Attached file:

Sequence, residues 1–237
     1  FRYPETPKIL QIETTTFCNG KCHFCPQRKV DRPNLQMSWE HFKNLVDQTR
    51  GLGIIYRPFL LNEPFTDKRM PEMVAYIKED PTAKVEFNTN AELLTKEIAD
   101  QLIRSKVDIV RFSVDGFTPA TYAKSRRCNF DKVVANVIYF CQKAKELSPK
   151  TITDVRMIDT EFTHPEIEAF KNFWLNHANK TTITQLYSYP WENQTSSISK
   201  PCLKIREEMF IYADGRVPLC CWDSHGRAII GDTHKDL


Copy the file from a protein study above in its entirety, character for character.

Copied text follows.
Sequence, residues 1–237
     1  FRYPETPKIL QIETTTFCNG KCHFCPQRKV DRPNLQMSWE HFKNLVDQTR
    51  GLGIIYRPFL LNEPFTDKRM PEMVAYIKED PTAKVEFNTN AELLTKEIAD
   101  QLIRSKVDIV RFSVDGFTPA TYAKSRRCNF DKVVANVIYF CQKAKELSPK
   151  TITDVRMIDT EFTHPEIEAF KNFWLNHANK TTITQLYSYP WENQTSSISK
   201  PCLKIREEMF IYADGRVPLC CWDSHGRAII GDTHKDL